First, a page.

Environment Ministry initiates effective waste management policy
The Ministry of Environment, Science, Technology and Innovation (MESTI) has completed a draft policy framework for the effective coordination of waste management efforts in the country
Mr Boachie and the acting Chief Director of MESTI, Mrs Levina Korama Owusu, are leading a 20-member delegation of Ghanaians in the plastic waste management value chain to a five-day study tour in Germany to learn about the models and efforts the city of Bonn and the North Rhine
He explained that the environment and technology sector deemed a coordinated plastic waste management system a critical framework to ensure that various interventions by individuals and companies in plastic waste management yielded sustainable results.
“In Ghana now, we have those who are adding plastic waste to sand to make pavement blocks; we have an individual who produces diesel out of plastic waste. But they are doing these with little coordination and without sustainable policies, so they remain isolated cases and will not yield the best results,” Mr Boachie stressed.
The study tour is part of a project MESTI is undertaking with the support of the German government through its international development agency, GIZ.
The delegation, made up of a fair representation of the plastic waste value chain actors, include officials from MESTI, private waste management companies, a plastic chemical production company, PET (Polyethylene terephthalate) user companies, municipal assemblies, academia and civil society.
Plastic waste project
The Sustainable Management of Plastic Waste in Ghana project took off in January this year with a sensitisation programme and the study tour is expected to build the capacity of players in the value chain on best practices in Germany, especially the business models that exist.
Upon return, the next phase of the project will be the selection of cities to pilot the lessons on how to use technology to manage plastic waste.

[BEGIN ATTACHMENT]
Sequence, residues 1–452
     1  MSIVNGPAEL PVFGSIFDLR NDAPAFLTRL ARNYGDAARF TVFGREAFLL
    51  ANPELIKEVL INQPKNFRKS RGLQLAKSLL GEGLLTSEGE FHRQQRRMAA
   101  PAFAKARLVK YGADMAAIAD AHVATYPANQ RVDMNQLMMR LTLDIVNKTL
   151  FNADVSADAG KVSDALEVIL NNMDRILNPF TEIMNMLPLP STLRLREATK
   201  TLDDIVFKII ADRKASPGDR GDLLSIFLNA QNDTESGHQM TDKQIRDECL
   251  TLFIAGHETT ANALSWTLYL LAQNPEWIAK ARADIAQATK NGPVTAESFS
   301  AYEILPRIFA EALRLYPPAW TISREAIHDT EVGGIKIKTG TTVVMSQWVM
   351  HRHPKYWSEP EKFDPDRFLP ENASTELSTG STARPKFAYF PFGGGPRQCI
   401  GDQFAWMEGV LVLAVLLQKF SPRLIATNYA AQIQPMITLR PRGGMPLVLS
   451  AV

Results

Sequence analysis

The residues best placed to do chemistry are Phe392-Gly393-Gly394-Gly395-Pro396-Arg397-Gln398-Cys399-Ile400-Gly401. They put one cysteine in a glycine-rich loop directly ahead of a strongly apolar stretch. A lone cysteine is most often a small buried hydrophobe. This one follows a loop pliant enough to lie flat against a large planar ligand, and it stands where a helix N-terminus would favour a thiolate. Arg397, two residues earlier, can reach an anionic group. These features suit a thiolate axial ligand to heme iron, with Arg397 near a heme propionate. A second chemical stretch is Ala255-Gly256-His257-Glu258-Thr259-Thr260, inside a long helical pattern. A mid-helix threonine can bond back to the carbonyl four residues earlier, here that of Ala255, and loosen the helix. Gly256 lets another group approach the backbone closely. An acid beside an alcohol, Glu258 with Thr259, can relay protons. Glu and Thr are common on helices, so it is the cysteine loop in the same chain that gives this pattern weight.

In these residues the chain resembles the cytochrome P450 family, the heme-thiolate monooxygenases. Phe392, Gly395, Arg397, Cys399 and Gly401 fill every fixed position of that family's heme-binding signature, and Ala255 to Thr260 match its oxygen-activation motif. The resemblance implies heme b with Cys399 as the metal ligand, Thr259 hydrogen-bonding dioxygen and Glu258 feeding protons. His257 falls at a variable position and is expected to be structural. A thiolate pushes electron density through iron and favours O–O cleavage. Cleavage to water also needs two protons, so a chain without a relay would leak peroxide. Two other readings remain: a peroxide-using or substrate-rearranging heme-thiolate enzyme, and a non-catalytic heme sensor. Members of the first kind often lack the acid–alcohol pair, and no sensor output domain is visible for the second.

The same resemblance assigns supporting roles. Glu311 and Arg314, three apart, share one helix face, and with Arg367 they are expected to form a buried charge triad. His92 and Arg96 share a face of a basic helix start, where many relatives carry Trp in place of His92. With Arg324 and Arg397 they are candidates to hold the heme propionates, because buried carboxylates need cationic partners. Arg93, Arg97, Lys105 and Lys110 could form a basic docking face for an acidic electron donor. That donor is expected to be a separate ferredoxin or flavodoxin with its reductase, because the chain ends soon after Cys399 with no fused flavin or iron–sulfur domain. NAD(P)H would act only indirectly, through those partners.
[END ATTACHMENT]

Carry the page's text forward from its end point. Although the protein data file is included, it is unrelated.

Accra and Kumasi are being considered for the pilot.
“We anticipate that the policy will be completed by the end of 2018, and laid before Parliament for passage into law. We are also working with international organisations to ensure partnerships and collaboration in the management of waste, especially ocean waste,” Mr Boachie said.
Private sector perspective
A member of the delegation, Mr William Stanley-Owusu, the Chief Executive Officer of a waste management company, J. Stanley-Owusu Company Ltd, noted that the study brought home the need to create public awareness on waste separation at source.
“The focus for me should be our ability to separate our organic waste from our waste stream. With this, we’ll have cleaner and non-contaminated materials that will justify a business model for waste recycling,” he said.
The Corporate Affairs and Communications Manager of Voltic (Gh) Ltd, Mrs Joyce Mateko Sackitey Ahiadorme, stated that clearly, plastic waste management was a shared responsibility and not just the burden of the government.
“For Germany, it has taken them about 40 years to get their recycling of waste right. They have also been able to incentivise the private sector for them to collect waste and find recycling attractive and the knowledge base of their citizens is quite high.”
Mrs Ahiadorme, therefore, called for a collaboration among stakeholders to foster an effective ecosystem in the management of waste, particularly plastic waste recycling to ensure